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Leah Stewart

PMS 9 | 2009

Excerpt from the forthcoming novel Husband and Wife (Harper)

My name is Sarah Price. I’m thirty-five years old and a work­ing mother, although for a num­ber of rea­sons I don’t like that phrase. That I have a job and two small chil­dren is a bet­ter, if less suc­cinct, way to put it. My hus­band is a fic­tion writer. He’s pub­lished a cou­ple of books, and one of them did quite well, so you might rec­og­nize his name if I told it to you, which I won’t, because I don’t want you think­ing, oh yeah, that book, I read that, it was good. This is not about that.

Some­day I’ll look back and thirty-five will seem much younger than it does now. I don’t feel old now, exactly, though I do, at times, feel weary. But in the last cou­ple of years I’ve begun to expe­ri­ence the signs of impend­ing age. The stray white hair and the inabil­ity to drink more than two beers with­out a hang­over. The bad knee and the crack­ing in my hip joint and the desire to say “oof ” when I sit down in a chair. The whims of my increas­ingly agi­tated hor­mones. And, most dis­turbingly, the dawn­ing con­vic­tion that such infir­mi­ties will only increase in num­ber. Judg­ing by the way these things sur­prise me I must have believed age would never hap­pen to me. For a long time, per­haps longer than I should have, I thought of myself as young. My ado­les­cence was pro­longed, in the way all the mag­a­zines have been insist­ing, by the fact that I waited until my thir­ties to get mar­ried and have chil­dren, that I waited so long to get a reg­u­lar job and start wor­ry­ing about my credit card debt. I’m a grownup now. There’s no dis­put­ing that, espe­cially not to the two small peo­ple who call me Mommy.

For a long time I called myself a poet. As a child I con­cen­trated on rhyming fun and sun, and then in high school I devoted myself to metaphors fea­tur­ing storm clouds and the moon. For col­lege work­shops I wrote son­nets about what I saw as the real subjects–time and death and the end of love, although what did I know, what did I know, about any of that. Both my notions about those things and the poetry that emerged from those notions were ludi­crously abstract. By the time I went to grad school I’d given up the effort to arrive at pro­fun­dity through grand asser­tions and gone back to writ­ing free verse that was more or less about myself.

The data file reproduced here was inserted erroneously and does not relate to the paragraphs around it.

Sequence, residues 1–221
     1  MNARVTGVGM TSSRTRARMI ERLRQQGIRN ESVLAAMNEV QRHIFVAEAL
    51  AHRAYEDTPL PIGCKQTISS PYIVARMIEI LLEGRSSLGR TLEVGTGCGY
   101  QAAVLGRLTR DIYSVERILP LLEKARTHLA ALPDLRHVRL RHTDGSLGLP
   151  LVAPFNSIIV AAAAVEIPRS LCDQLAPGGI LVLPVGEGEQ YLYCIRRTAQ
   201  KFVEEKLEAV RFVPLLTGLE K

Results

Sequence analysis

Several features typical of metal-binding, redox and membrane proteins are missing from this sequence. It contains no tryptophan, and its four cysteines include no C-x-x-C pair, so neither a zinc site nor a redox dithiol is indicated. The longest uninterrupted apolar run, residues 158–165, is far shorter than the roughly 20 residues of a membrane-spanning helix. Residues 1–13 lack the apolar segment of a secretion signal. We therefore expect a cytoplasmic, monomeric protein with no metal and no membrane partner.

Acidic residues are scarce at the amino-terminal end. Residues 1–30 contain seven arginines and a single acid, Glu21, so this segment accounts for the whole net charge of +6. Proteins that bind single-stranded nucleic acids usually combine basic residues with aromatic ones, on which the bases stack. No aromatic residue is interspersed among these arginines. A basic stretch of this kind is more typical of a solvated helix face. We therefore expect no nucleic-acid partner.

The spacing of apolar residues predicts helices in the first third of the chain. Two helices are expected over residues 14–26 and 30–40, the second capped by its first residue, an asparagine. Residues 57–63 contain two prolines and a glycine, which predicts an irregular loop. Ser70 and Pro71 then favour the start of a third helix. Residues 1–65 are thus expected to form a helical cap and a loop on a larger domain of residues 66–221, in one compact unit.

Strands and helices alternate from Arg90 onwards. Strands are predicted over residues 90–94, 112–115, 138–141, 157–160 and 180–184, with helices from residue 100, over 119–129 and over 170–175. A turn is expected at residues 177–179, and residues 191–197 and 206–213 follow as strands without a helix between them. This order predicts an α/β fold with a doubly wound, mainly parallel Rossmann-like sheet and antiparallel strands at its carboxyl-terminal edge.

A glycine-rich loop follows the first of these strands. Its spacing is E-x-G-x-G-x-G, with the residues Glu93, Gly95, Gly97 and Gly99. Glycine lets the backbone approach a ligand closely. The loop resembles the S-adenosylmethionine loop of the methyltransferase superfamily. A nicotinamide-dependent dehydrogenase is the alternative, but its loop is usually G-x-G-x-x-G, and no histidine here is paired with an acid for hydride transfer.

I take back my claim that at twenty and twenty-one I knew noth­ing of time and death and the end of love. I shouldn’t offer up such a com­mon­place untruth. It’s easy, isn’t it, to fall into the trap of devalu­ing what we once knew and felt, as though the com­pli­cated and com­pro­mised expe­ri­ences of adult­hood are some­how more authen­tic than the all-consuming ones of youth. Cer­tainly I knew the pain and vul­ner­a­bil­ity of the end of love. Of course I did. Most of us learn that early.

• • •

I’ll begin with an end.

We were late for a wed­ding, or if not late yet in immi­nent dan­ger of being so. And as usual I was ready and my hus­band was not. I’d been ready for half an hour, dur­ing which time he’d spent twenty min­utes wor­ry­ing about a small red wine stain on the tie that matched his suit, and ten min­utes locat­ing one of his shoes. The chil­dren were in the kitchen with the babysit­ter, a teenager whose blank youth­ful­ness made me ner­vous. I could hear the baby cry­ing, and I was as clenched as a fist, because I was still breast­feed­ing and the hor­mones made it painful to hear him cry. I wanted to go get him, but I knew if I picked him up he’d want to nurse, and I was wear­ing a dress already–a silk dress, at that, eas­ily stained by breastmilk–and besides I’d been think­ing for half an hour that surely my hus­band would be ready to go any minute and I didn’t want to hike up my dress and set­tle down with the baby only to have him say, “Oh, you’re not ready to go?” and then dis­ap­pear to his study to read music reviews online.